How To End A Conversation

Some people have questions about good ways to end to a conversation. In my experience this is a pretty straightforward topic, and once someone has an idea of what to do, it's easy for them to successfully put the concepts into practice. This article may also have the side effect of illustrating various ways that someone might to be trying to end a conversation with you, so you'll know if it's time to politely let them go.

There are a couple of main reasons someone may want to finish a conversation:

The way someone may need to finish the conversation also depends a bit on the context:

And how they end the conversation may depend on the context and the people's relationship to each other.

When you start talking to someone, it's good to go in with an idea of how long they can chat for

A general principle first. You can make ending many of your conversations a lot simpler if you go into them with an understanding of approximately how long you can talk for. For example:

Naturally none of these time guidelines are set in stone. It's more that if the other person is happy to talk and the conversation does end up going longer, that's great, but if not, you'll have a sense of when you'll need to finish. Knowing this will allow you to smoothly wind things down when the time comes. The alternative is when you run into someone and feel that you just have to keep the conversation going as long as you can, and then you get caught off guard when they seemingly end it out of nowhere.

It's okay to end a conversation quickly and cleanly

Sometimes people feel that they have to give a big formal goodbye every time they stop talking to someone. Most of the time this isn't called for, and you can finish the conversation a lot more quickly and casually. Dragging things out too much can actually make things more awkward.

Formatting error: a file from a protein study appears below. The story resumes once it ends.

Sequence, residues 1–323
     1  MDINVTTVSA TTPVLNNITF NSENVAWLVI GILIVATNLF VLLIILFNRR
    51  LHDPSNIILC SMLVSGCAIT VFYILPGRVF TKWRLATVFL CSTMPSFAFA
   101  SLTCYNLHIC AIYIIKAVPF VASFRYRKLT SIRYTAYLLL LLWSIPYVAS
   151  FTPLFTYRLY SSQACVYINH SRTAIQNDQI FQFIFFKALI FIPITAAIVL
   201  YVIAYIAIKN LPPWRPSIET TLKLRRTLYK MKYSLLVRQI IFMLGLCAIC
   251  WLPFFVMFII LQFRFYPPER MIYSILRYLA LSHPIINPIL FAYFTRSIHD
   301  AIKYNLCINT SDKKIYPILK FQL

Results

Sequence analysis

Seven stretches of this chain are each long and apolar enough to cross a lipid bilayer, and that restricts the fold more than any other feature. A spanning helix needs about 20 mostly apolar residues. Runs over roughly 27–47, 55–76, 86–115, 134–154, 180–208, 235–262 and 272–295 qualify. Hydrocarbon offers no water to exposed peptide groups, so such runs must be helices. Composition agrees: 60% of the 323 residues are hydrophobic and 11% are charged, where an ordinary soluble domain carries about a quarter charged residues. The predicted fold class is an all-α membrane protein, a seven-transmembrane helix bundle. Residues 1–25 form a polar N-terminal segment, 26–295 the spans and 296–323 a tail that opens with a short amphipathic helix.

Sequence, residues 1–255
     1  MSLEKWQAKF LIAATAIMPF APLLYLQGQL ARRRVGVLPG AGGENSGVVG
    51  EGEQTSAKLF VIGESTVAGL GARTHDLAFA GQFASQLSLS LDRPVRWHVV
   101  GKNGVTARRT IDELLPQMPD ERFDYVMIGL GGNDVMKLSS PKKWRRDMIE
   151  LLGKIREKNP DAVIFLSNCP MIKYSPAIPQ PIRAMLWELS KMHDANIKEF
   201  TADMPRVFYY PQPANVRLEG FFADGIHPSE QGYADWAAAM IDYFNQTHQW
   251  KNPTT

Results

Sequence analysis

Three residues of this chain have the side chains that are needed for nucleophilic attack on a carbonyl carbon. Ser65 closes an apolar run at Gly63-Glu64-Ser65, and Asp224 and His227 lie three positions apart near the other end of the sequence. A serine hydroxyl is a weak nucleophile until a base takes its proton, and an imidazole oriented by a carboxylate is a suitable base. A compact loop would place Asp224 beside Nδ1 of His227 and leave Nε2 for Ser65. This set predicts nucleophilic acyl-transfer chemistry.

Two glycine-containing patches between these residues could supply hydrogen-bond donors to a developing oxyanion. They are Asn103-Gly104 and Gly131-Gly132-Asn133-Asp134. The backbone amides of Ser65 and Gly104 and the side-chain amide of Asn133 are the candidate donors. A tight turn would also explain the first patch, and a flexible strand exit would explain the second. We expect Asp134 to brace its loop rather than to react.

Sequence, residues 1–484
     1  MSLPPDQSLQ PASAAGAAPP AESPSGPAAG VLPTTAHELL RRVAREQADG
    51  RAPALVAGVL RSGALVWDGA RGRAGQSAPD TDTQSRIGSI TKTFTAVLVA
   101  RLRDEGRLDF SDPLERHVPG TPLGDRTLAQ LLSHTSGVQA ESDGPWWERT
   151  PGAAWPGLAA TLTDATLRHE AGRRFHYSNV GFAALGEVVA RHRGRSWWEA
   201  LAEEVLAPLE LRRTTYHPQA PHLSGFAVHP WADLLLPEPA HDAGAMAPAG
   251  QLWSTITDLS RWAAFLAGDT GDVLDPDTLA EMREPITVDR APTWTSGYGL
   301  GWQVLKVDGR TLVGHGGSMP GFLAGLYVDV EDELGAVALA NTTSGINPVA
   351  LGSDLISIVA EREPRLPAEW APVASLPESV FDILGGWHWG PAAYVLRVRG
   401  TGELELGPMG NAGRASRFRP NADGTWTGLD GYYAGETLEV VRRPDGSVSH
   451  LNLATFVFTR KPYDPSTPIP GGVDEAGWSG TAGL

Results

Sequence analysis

Below are several different ways someone could end a conversation. From here on out this article has a lot of examples in it, I'll refer you to the site's quick disclaimer on them.

Just wrap things up without any window dressing

It's often fine to just say you've got to go without any explanation, especially if you know the person already. They'll understand you've got things you need to do and won't be offended.

"Anyway, I'll let you get back to it..."

You can end the conversation this way if you've been talking to someone who was in the middle of something.

You can also make up something for the other person to get back to. Like if you're talking to someone on the phone on a Sunday evening, and need to get going you could say, "Well I'll let you get back to getting ready for work tomorrow" or, "I'm sure you want to relax a bit before you go to sleep. I'll let you go."

Use a reason for why you have to leave the conversation

People often use this one at parties, bars, or networking events, where there are a ton of built-in reasons for having to go do something else. Ending a conversation this way doesn't have to be an excuse either. You may actually have something else you have to attend to:

Day to day

At parties / bars / networking events




Use non-verbals that show you're ready to end the conversation

While still being friendly and polite you can start adjusting your body language and your actions to indicate to the other person that it's time for them to wrap up the discussion, or that you're about to end it soon yourself.

Make a statement to summarize and wrap up the conversation, then say you've got to go

This is a good way to transition from the conversation to its conclusion. You comment on a recent statement, or generally sum up the discussion, before you start to close it down.

Introduce the person to someone else, or bring them along as you join another conversation

This is a party tactic. If you join another discussion then the conversation you were having with the original person kind of unofficially dissolves. If you do the introduction move, be subtle and genuine about pulling it off. If you do things in a fake, insincere way the other person will totally be able to tell you're blowing them off by trying to foist them on someone else.

Get back to your book/music/phone/video game